As a child, my mom and dad would make what we called Spaghetti Sauce. When I first saw Sunday Gravy, I thought that it was the same thing. Not even close ! My mother followed the concepts that so many other Americans follow when they think of Italian cooking. Take some meat, a good amount of onions, celery and such, tomato paste, a lot of water,a bunch of spices and THAT's Italian ! My mom would always add a whole lot of sugar "to cut down the twang". Irish Spaghetti at best, my friend. My mother, through no fault of her own was not a cook.When sauce in a jar came about, homemade spaghetti was a thing of the past. Why spend hours cooking when Ragu was so easy ??
True Sunday Gravy is a tomato sauce that you slow cook a lot of meat in, use minimal vegetables and often no herbs. Spaghetti, incidentally is the name of a pasta shape. Calling any red sauce served on any shape of pasta is kind of like calling a dish butter when it is served on popcorn, butter, fish or toast. With Sunday Gravy the juices from the meat combine with the tomatoes and the magic happens. When it is served in many cases, the meat is taken out and served separate from the sauce, and the sauce is then mixed with pasta. It is AWESOME ! The slow cooking of the meat adds incredible flavor and nourishment to that simple tomato. Sunday Gravy freezes well, gets better with age, and can be made a variety of ways. Every family seems to have it's preference. Here is mine. The meat changes according to what is on sale- in true Italian style of what is available and in season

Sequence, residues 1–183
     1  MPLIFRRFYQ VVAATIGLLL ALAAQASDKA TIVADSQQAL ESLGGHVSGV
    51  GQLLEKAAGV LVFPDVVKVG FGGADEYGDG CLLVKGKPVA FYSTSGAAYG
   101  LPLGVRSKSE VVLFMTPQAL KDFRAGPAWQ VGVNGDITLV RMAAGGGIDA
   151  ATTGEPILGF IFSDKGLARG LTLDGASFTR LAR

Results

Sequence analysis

3 cloves garlic, chopped
1/2 cup olive oil
3- 5 lbs assorted beef , lamb or pork- best if it includes some meats on the bones- more if desired
( not chicken or fish- they would turn to rubber with this slow cooking-possibilities include neck bones, short ribs, oxtails - other meats should include some Italian sausage)
4 large cans tomato puree ( I prefer San Marzano tomatoes)
1 T sugar
In as large of a pan you can get your hands on ( stock pot or large pasta cooking pot), sweat the garlic in the oil. Brown your meats and leave any bone meats in the pot. Pour in the tomato sauce, bring to a boil and reduce heat to the lowest flame possible. Cover and let simmer for an hour. (refrigerate remaining browned meats) After an hour ( or two) add the non bone in browned meats , cover and simmer another 2 hrs. It can go all day on a slow simmer- stir occasionally so the bottom does not burn.
After eating this for dinner, cool the sauce down and package into meal sized containers. With the pot I use I am able to get 6 additional meals . So much better than the jar sauce ! Once I tasted the awesome impact of such simple ingredients created with just time, I became hooked on real Italian cooking. I hope that if you try this it will become as life changing for you !